I also found the keyboard and trackpad leaning towards the hard-to-use end, but I could say that about most Windows notebooks. It’s a matter of getting used to it, but what I could never get behind is the poorly located power button, which sits right next to the Delete button, blending in with the rest of the keyboard. Good luck consciously avoiding it all the time.

What’s the battery life like?

The great thing about having a processor meant for tablets in a laptop this big is its efficiency. Coupled with a large battery and low-resolution display, you’re looking at more than six hours of usage without having to plug into an electrical outlet.

That’s under mixed usage, by the way. I liked how the Engage Aura let me play several episodes of a television show even when the battery gauge was already below 30 percent. The laptop clearly works best when it isn’t overburdened by simultaneous requests.

Is there anything I else should worry about?

One irritating problem I had during my time with the Engage Aura was connecting to certain routers and hotspots. It’s picky at times, and can’t reach faraway signals. It seems like Starmobile equipped it with a weak Wi-Fi card to further drop the price.

The built-in speakers also left me disappointed while binge-watching. External speakers and/or subtitles are a must if you want to enjoy a movie or series. Bass is practically non-existent, and a lot of sound gets lost since the speakers shoot downwards.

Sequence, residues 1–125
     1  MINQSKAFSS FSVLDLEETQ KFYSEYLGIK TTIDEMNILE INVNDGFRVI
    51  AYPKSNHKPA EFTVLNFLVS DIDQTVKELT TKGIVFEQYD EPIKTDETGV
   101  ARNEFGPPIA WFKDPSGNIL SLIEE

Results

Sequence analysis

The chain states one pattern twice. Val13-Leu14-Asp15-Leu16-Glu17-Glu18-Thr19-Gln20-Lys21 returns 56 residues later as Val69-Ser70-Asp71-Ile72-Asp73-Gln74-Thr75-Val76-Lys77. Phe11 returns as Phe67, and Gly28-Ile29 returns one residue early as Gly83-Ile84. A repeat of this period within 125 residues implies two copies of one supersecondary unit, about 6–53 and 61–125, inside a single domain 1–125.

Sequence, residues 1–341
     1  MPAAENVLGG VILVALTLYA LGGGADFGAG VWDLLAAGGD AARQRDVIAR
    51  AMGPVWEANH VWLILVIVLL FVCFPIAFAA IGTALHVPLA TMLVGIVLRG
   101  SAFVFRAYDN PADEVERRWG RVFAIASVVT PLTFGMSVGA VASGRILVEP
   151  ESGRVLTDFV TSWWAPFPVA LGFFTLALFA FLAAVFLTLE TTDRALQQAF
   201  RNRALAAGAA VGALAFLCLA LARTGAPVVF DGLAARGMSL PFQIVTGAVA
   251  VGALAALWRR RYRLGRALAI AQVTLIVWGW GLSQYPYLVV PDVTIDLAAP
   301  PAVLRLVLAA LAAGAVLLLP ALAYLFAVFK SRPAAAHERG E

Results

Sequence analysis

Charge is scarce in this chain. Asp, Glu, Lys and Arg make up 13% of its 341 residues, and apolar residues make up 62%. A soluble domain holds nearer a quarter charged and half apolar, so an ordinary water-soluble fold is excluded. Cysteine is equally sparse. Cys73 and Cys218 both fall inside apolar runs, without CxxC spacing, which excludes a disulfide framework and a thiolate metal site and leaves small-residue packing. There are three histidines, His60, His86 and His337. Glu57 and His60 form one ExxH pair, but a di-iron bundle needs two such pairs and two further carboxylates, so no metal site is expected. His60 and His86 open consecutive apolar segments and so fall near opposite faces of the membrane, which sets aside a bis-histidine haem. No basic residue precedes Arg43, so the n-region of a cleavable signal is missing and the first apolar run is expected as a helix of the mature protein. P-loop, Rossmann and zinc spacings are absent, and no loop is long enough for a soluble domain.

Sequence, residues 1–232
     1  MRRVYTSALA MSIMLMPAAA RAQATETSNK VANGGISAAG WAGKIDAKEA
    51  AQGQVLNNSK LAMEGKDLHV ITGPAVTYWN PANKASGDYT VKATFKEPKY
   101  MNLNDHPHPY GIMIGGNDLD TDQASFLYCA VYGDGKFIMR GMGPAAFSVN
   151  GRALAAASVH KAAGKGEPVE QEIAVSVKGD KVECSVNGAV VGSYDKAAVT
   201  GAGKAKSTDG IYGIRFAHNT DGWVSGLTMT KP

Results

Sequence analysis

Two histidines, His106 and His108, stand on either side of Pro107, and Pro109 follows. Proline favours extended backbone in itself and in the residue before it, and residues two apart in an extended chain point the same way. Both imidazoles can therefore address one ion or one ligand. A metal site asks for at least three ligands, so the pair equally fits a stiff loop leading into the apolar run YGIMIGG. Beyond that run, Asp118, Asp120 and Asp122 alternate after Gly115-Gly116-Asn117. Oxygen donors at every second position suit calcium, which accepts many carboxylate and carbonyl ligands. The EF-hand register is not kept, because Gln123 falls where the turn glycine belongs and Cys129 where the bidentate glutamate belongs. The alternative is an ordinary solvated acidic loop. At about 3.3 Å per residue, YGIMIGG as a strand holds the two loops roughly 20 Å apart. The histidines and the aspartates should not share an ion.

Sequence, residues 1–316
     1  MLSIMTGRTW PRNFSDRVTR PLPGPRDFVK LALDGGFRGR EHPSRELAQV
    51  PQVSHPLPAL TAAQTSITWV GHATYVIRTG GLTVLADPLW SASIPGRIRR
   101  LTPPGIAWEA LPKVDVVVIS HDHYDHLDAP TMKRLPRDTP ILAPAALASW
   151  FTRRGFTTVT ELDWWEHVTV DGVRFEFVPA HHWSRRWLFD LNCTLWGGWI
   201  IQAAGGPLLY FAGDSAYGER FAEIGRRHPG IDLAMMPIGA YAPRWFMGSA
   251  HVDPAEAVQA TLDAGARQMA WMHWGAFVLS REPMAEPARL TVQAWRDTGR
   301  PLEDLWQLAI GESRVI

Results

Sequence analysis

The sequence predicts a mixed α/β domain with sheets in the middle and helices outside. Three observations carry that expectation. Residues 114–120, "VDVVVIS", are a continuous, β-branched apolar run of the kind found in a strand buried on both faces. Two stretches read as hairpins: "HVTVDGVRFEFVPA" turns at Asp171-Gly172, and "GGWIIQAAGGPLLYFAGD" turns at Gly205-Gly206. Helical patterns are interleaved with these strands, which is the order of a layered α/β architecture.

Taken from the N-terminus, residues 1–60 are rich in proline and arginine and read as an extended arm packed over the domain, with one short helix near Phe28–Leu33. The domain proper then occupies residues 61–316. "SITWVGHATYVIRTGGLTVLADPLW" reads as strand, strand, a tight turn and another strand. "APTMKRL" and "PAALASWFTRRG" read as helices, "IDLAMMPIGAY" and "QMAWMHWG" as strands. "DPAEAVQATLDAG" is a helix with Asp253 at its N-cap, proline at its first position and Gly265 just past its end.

Lastly, Starmobile made the pricing a little confusing. The company claims it’s being sold on Lazada for PhP 7,990, but it’s actually listed at PhP 7,388. And even though the original price is PhP 10,990, the supposedly limited price of PhP 9,990 — which is meant for the gold edition we have here — has been on the site for a while now. They’re all affordable, nonetheless.

Is this your GadgetMatch?

With so few options available at this price range, I can’t help but wholly recommend the Starmobile Engage Aura despite all its shortcomings.

I’d often think to myself, I wish I had more storage or I wish this thing could handle a few more browser tabs, but then I’d always go back to the price. Do I have any right to complain when it costs less than half the price of laptops that are already considered cheap?

Even if you forget about the price for a second, the Engage Aura simply works. It never glitched out on me, every movie and app I opened played the way it should, and I never felt embarrassed using it in a cafe — in fact, its subtle look is quite sleek.

Buy this if you’re on a tight budget but must type for a living (like me); buy this for your mom or dad who just needs something usable; or buy it as a backup for whatever you’re using right now. You won’t regret purchasing something this affordable in the first place

Laptops

Dell Vostro 5370 review: An everyday business notebook

Compact yet powerful